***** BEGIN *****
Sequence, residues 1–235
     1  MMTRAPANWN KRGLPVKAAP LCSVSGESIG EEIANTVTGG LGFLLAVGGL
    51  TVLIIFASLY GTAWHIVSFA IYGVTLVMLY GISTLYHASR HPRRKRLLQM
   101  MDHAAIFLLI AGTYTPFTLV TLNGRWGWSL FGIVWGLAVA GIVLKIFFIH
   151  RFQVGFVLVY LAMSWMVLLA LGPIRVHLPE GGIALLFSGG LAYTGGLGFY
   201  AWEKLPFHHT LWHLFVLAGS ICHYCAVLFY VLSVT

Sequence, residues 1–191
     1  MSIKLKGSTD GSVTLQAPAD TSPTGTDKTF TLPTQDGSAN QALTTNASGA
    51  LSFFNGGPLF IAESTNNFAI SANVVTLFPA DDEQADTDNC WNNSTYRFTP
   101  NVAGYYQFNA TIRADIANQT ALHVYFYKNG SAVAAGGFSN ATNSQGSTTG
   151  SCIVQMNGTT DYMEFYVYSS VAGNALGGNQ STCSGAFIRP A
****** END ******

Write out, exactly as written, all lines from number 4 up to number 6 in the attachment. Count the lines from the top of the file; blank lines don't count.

   101  MDHAAIFLLI AGTYTPFTLV TLNGRWGWSL FGIVWGLAVA GIVLKIFFIH
   151  RFQVGFVLVY LAMSWMVLLA LGPIRVHLPE GGIALLFSGG LAYTGGLGFY
   201  AWEKLPFHHT LWHLFVLAGS ICHYCAVLFY VLSVT